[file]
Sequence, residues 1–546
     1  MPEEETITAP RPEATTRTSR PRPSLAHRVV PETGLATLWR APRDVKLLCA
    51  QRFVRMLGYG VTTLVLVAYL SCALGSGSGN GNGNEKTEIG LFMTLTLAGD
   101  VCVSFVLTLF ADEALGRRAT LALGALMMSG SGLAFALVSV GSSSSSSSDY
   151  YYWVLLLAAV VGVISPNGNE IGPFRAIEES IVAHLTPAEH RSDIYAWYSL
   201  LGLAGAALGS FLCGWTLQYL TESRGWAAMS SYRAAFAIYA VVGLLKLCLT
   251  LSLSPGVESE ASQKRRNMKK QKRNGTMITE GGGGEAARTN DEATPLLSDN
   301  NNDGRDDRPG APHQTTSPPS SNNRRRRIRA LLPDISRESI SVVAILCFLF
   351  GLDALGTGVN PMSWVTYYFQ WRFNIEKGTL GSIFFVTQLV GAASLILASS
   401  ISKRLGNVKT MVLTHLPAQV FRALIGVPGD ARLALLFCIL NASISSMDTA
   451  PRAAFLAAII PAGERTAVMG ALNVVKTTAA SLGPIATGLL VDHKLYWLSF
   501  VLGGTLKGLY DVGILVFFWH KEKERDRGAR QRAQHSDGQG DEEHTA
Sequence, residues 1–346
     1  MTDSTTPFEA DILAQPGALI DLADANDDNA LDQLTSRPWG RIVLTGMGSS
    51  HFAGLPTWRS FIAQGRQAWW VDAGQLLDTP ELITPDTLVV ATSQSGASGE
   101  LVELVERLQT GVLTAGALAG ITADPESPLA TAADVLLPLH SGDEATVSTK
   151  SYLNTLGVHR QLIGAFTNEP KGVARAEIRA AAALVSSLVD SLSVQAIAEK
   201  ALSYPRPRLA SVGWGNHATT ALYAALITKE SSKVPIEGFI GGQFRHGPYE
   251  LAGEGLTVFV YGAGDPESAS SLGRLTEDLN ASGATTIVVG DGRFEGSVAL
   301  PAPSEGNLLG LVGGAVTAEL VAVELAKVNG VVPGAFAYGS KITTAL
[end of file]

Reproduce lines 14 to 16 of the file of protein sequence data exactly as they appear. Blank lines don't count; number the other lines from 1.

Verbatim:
     1  MTDSTTPFEA DILAQPGALI DLADANDDNA LDQLTSRPWG RIVLTGMGSS
    51  HFAGLPTWRS FIAQGRQAWW VDAGQLLDTP ELITPDTLVV ATSQSGASGE
   101  LVELVERLQT GVLTAGALAG ITADPESPLA TAADVLLPLH SGDEATVSTK